Kansas Drought 2012 - Part 2

When life gives you lemons, make lemonade...and when Mother Nature gives you a drought, make silage!
This is supposed to be milo--or grain sorghum as it is also called. But the drought has kept it from producing a head of grain. With no grain, it is of very little value....except we can feed the stalks to cattle.
Huge cracks in the field show the lack of moisture. This crack is nearly an inch across and too deep to measure.
We can use the plant as feed for cattle...if the equipment continues to work! Sometimes when we feed drought-stressed milo, it may have dangerous levels of nitrates because of the drought. So we must test the feed value and nitrate levels before we feed it to cattle. It can kill a cow in less than an hour!

After contemplation by a number of farmers, the equipment begins to run again. Yes, those are gas cans to the side!! No comment.... (By the way, that is my hubby with his head under the hood and hand on his hip. Farmers must be mechanics as well as many other jobs!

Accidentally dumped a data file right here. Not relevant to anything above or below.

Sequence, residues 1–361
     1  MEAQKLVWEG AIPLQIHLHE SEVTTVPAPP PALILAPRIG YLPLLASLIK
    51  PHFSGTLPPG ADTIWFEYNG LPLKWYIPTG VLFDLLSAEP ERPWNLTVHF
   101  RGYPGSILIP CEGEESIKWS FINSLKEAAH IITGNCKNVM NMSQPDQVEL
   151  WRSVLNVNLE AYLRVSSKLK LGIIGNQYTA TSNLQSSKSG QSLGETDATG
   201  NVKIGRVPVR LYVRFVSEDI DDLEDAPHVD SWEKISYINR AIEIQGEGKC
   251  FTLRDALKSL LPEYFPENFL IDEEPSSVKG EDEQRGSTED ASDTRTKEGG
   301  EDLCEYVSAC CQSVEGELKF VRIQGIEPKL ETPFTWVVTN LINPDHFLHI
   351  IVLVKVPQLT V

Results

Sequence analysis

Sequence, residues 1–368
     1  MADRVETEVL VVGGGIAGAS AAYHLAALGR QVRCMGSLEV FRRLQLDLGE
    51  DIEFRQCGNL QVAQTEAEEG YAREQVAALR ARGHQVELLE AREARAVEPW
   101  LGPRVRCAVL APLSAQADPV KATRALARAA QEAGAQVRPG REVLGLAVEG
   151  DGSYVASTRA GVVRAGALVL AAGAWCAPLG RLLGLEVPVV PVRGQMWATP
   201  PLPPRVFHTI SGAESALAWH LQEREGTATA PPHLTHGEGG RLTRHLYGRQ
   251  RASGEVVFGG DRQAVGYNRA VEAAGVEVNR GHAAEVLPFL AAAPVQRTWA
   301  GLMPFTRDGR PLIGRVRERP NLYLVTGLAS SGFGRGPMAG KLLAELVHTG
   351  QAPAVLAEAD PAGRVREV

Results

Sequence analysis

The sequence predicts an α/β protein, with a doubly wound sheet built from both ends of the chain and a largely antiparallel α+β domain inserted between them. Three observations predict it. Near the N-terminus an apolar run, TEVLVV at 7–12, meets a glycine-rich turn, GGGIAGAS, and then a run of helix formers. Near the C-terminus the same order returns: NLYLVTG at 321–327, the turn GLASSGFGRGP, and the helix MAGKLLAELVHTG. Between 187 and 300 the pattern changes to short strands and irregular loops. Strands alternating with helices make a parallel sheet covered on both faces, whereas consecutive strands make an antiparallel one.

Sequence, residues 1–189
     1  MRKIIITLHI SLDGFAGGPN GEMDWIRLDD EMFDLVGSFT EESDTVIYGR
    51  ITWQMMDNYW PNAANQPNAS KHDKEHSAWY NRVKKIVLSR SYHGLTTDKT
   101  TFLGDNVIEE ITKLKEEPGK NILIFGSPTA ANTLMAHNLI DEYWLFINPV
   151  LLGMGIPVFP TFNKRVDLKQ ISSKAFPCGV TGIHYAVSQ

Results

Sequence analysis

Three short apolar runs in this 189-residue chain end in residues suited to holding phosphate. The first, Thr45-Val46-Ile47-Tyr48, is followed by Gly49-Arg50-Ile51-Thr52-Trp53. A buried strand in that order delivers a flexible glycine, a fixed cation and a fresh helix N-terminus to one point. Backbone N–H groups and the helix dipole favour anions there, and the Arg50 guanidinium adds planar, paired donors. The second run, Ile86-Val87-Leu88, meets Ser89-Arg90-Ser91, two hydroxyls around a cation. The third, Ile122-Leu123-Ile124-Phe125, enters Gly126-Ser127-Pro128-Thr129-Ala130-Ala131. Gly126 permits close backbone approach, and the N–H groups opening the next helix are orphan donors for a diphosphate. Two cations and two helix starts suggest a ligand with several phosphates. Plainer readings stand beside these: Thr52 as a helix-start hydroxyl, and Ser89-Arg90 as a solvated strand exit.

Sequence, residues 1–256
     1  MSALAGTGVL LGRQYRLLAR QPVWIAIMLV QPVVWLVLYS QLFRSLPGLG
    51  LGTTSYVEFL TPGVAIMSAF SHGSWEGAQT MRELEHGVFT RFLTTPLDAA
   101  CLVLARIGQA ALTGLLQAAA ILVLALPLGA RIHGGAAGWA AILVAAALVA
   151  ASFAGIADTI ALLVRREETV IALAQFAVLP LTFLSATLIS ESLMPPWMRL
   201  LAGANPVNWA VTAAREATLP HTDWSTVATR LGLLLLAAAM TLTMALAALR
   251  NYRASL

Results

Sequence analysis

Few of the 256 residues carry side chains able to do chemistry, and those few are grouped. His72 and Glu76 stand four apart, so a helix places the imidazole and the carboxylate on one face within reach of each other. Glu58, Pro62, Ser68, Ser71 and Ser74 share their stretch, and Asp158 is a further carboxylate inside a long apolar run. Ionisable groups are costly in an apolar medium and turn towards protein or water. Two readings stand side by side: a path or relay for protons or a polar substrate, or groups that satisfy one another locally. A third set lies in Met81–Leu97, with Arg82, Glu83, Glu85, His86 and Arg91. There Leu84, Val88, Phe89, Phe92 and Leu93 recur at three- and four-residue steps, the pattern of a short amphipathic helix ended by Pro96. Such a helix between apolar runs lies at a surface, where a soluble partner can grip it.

The chopped plant is dumped into a pit made with hay bales. This is a temporary "pit" as we will also feed the bales that form the sides as the winter goes on. Many temporary pit silos are being built this year to take advantage of the extra silage that the drought has "provided." If we had rain, we wouldn't have needed to cut the crop for silage.

A heavy tractor pushes the plant material onto a large pile and drives back and forth over it to pack it. Once it has been packed, it begins to ferment and that breaks down the structure of the plant, allowing cattle to access more nutrients. They love silage. And it is one of the things we can feed when hay is in short supply!

For more information, check out Kansas Drought 2012 - Part 1 and
Kansas Drought 2012 - Part 3


  1. We wrap a lot of our first cutting of grass in plastic in a long row of 100 bales. This allows us to cut earlier whenever it is difficult to get drying days. Otherwise the grass can get too mature. The cattle do like it. Usually we get too much rain in the winter to store silage the way you do.

  2. Debbie and family,

    Sorry for your misfortune with the drought you are experiencing. I sometimes cuss that we live in an area with a normal rainfall of 7 inches per year but at least a drought for us is 5 inches in a year and depending on timing it does not affect us as much. Thankfully we do have some irrigation. Stay strong and faithful, I am sure a long term producer like you and your family will endure!


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